$ composer require drupal/devel
For most cases, that would download the most recent stable version of the Devel module that is compatible with your version of Drupal and PHP. If you used drupal-project above, it would download the module to
web/modules/contrib. If you want to change the download destination, you can alter the paths in your composer.json. Look for the
extra and adjust to your liking.
The Devel module is a good example to use, as it brings up a few other things to note. For example, since the Devel module shouldn’t be used in a production environment, you may only want it to get downloaded on development environments. With Composer, you can achieve this by passing the
--dev flag to the
composer require command.
$ composer require --dev drupal/devel
This will ensure that the Devel module is available for your developers when they run
composer install , but that it won’t ship with your production release (which should get built using
composer install --no-dev ). This is just an example, and your project needs may differ, but the use of
--dev to specify dependencies only needed during development is a recommended best practice.
As a side note, if you are committing your exported Drupal 8 configuration to code, you may want to use the Configuration Split module to ensure that the Devel module’s enabled status doesn’t get pushed to production by mistake in a release.
Another thing to note is that the Devel module ships with its own
composer.json file. Since we used Composer to download Devel, Composer will also read in Devel’s composer.json and download any dependencies that it may have. In this case (at the time of this writing), Devel doesn’t have any required dependencies, but if you were to use Composer to download, say Address module, it would pull in its additional dependencies as well, as Address module uses Composer to specify some additional dependencies .
Downloading specific versions
While it’s most often fine to omit declaring a specific version like we did above, there still may come a time when you need to narrow the range of possibilities a bit to get a package version that is compatible with your application.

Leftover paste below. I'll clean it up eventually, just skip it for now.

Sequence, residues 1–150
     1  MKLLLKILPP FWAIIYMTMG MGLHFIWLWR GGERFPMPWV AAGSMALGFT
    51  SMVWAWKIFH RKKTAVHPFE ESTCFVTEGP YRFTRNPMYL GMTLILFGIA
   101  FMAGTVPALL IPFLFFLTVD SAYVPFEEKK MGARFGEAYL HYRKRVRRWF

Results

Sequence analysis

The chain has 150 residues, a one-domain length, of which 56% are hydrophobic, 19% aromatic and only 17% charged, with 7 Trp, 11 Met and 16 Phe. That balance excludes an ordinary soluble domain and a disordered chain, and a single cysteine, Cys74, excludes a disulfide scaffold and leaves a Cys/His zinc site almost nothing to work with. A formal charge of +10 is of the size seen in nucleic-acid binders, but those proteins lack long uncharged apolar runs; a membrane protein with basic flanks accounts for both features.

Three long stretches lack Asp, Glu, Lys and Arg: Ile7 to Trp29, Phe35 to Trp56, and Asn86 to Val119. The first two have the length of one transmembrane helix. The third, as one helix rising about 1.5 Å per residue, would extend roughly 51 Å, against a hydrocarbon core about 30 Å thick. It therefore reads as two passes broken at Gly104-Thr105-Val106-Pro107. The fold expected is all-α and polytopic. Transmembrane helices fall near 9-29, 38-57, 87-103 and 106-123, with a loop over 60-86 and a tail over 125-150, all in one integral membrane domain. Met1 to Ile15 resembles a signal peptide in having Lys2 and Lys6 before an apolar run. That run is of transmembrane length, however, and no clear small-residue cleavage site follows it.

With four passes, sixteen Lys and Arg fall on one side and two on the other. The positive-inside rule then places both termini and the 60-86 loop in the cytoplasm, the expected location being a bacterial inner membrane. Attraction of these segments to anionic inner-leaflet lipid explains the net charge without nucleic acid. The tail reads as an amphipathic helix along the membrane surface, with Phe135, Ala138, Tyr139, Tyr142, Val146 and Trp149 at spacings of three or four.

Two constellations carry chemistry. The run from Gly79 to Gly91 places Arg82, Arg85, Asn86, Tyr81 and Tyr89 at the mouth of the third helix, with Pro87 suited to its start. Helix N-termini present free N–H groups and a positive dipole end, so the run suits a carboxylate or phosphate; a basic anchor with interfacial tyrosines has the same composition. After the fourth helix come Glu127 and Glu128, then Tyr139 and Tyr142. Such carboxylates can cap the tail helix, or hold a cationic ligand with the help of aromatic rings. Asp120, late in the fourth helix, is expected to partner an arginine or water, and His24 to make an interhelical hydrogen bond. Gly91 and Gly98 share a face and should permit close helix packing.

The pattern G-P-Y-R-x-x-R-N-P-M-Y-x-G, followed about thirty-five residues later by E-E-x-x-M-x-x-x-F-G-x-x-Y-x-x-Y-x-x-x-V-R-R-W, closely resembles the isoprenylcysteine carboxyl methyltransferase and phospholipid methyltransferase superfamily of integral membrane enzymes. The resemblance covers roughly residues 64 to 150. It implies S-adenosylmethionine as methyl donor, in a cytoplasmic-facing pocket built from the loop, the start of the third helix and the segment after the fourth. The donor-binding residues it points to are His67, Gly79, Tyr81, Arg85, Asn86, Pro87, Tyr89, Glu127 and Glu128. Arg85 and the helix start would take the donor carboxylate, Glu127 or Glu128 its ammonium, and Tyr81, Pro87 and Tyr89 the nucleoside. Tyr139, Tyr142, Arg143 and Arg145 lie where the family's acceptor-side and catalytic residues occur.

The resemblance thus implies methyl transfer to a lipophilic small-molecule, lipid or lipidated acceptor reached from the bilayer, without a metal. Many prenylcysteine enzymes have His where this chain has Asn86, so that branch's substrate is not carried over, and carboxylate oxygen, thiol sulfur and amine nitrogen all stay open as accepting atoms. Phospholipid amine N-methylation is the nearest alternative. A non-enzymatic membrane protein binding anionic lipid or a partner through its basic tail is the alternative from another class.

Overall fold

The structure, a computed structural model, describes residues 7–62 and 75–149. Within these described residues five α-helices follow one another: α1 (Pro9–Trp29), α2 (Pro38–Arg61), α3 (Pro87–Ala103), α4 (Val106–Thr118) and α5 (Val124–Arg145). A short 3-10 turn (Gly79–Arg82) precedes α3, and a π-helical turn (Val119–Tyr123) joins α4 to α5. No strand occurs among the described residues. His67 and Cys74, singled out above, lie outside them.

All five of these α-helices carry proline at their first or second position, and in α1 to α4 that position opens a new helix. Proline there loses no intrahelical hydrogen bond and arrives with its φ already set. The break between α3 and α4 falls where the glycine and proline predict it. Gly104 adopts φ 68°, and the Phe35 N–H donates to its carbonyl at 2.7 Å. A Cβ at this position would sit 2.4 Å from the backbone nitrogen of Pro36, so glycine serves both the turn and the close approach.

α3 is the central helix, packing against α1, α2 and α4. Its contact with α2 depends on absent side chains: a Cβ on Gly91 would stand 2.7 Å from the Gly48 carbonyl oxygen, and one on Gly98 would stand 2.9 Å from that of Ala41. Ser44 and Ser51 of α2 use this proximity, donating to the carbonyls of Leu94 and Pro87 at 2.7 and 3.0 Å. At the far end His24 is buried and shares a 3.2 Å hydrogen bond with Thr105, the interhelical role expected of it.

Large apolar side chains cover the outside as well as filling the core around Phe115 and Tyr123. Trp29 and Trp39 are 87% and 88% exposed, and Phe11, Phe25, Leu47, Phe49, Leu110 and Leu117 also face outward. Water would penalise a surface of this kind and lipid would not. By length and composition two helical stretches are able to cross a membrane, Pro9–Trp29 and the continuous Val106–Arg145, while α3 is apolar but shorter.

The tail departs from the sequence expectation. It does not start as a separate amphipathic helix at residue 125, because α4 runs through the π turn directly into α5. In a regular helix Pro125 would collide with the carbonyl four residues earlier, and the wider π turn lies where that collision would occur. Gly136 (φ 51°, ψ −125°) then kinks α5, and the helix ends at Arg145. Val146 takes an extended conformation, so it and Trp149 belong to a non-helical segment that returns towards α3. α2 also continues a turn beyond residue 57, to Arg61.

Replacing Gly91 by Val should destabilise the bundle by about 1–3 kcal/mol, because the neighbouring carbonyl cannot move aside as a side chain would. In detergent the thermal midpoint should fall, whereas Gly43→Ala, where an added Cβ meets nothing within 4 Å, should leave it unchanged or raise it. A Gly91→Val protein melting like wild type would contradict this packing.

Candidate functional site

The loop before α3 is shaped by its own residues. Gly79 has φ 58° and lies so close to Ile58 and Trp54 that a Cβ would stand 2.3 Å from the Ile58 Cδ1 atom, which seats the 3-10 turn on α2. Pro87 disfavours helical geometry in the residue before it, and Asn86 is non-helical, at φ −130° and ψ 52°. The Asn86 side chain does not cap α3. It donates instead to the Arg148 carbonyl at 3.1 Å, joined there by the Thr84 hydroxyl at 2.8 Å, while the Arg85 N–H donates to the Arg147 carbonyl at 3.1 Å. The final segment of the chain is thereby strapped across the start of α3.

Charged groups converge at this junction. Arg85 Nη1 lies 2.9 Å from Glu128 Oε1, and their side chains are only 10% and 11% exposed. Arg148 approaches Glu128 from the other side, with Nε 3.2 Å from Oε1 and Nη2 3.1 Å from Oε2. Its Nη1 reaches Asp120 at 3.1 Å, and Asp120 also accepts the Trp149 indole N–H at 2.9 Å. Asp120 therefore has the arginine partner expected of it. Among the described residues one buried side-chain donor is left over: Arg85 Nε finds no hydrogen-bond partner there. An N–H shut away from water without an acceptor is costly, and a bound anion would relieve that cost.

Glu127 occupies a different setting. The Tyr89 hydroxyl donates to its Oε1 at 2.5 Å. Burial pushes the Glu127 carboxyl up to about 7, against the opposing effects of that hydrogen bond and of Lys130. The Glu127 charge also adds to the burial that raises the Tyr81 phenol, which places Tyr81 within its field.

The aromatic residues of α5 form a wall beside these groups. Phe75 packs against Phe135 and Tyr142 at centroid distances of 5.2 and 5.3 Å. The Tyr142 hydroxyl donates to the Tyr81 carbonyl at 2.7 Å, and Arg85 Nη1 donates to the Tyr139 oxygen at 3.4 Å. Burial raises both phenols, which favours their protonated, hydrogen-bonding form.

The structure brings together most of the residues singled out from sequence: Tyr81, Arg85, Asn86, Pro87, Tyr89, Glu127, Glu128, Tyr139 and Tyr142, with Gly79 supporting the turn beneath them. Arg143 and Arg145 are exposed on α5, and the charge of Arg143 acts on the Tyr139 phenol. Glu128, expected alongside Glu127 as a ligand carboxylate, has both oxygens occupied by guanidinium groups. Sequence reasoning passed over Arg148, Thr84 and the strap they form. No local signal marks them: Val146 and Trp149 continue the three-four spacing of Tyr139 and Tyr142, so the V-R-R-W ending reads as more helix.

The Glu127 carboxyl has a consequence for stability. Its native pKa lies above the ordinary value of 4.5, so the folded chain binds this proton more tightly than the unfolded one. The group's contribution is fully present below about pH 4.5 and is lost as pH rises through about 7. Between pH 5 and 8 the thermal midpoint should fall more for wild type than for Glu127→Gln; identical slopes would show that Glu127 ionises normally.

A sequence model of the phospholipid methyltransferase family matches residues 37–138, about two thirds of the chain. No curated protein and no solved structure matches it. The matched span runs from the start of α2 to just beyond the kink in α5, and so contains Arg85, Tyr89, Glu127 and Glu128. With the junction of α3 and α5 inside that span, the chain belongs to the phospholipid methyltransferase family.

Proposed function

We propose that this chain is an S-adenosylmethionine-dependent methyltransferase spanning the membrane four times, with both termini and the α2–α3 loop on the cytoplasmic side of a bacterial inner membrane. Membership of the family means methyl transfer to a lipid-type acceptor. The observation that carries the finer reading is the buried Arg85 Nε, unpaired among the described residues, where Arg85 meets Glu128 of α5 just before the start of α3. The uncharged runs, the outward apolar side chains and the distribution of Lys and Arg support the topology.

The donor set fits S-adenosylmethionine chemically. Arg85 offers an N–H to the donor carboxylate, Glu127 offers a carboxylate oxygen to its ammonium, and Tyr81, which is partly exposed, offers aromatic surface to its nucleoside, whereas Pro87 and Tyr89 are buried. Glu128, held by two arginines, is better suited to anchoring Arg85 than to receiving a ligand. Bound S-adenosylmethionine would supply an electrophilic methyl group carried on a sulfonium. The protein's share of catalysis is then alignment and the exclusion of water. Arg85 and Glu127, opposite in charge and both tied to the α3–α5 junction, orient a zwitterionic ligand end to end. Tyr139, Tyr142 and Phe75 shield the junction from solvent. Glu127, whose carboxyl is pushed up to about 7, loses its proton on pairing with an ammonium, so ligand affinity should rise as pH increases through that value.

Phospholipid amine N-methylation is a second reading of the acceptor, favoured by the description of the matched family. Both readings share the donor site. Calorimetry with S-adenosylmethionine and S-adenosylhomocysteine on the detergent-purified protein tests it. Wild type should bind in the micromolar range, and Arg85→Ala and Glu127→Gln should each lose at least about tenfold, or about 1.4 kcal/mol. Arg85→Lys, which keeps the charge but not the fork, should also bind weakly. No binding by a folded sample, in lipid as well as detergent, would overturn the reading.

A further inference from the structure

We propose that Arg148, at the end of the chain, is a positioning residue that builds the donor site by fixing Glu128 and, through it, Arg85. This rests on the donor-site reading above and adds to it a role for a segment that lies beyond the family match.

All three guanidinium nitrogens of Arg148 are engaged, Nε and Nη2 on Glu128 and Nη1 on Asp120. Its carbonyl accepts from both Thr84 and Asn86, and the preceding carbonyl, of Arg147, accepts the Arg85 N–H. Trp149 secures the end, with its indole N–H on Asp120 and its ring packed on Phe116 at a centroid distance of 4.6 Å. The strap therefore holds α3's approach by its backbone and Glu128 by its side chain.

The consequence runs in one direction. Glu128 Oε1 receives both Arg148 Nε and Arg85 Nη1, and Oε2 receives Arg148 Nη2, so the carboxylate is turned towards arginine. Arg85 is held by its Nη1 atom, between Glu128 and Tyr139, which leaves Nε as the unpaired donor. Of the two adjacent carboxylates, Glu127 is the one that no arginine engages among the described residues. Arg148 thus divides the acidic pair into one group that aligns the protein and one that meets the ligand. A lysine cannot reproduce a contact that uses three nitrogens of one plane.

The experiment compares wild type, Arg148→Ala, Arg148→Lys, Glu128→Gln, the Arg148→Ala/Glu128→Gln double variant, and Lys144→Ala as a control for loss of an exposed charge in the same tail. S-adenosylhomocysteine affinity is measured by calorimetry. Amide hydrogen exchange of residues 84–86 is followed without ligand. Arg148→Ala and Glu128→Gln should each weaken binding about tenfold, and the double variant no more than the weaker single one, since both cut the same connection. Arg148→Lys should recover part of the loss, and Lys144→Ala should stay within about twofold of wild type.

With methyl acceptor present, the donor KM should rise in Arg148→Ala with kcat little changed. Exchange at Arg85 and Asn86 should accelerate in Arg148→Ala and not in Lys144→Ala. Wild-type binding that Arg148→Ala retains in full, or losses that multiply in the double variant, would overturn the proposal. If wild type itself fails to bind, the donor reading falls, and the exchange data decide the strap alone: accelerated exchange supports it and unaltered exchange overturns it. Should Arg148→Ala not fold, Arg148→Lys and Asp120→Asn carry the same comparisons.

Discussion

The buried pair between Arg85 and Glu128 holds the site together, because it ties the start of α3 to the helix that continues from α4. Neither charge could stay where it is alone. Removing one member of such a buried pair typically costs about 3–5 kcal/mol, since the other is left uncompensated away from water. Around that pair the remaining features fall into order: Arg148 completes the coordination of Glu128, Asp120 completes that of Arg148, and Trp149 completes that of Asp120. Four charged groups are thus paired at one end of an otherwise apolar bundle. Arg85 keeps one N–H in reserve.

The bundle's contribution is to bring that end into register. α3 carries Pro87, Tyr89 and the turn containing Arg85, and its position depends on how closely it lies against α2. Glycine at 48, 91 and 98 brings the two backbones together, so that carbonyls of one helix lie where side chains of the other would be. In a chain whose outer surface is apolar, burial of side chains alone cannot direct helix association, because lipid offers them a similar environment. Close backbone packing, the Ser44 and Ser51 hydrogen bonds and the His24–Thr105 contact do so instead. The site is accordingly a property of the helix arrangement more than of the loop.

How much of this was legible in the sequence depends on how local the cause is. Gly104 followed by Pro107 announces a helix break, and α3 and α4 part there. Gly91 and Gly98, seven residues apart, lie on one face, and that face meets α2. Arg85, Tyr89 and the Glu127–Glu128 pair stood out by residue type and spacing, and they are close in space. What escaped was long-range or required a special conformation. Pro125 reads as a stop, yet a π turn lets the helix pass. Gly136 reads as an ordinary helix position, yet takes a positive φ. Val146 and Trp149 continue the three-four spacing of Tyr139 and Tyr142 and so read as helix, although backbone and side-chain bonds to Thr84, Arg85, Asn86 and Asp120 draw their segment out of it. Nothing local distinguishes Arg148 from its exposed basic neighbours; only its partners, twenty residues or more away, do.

Judging by the length of the Composer documentation on Versions and constraints, this is no small topic, and you should definitely read through that page to familiarize yourself with it. For most cases, you’ll want to use the caret constraint (e.g.,
composer require drupal/foo:^1.0 means the latest release in the 8.1 branch), but here’s some more details about versions and constraints:
- Read up on Semantic Versioning if you aren’t familiar with it. Basically, versions are in the
x.y.zformat, sometimes described as
BREAKING.FEATURE.FIX. Fixes increment the last number, new features increment the middle number, and refactors or rewrites that would break existing implementations increment the first number.
- Use a colon after the vendor/package name to specify a version or constraint, e.g.
composer require drupal/foo:1.2.3(which would require that exact version (1.2.3) of the foo package). If you’re used to drush syntax (
8.x-1.2.3), the Composer syntax does not include the Drupal version (i.e., there's no
- Don’t specify an exact version unless you have to. It’s better to use a constraint.
- The caret constraint (
^): this will allow any new versions except
BREAKINGones—in other words, the first number in the version cannot increase, but the others can.
drupal/foo:^1.0would allow anything greater than or equal to
1.0but less than
2.0.x. If you need to specify a version, this is the recommended method.
- The tilde constraint (
~): this is a bit more restrictive than the caret constraint. It means composer can download a higher version of the last digit specified only. For example,
drupal/foo:~1.2will allow anything greater than or equal to version 1.2 (i.e., 1.2.0, 1.3.0, 1.4.0,…,1.999.999), but it won’t allow that first 1 to increment to a 2.x release. Likewise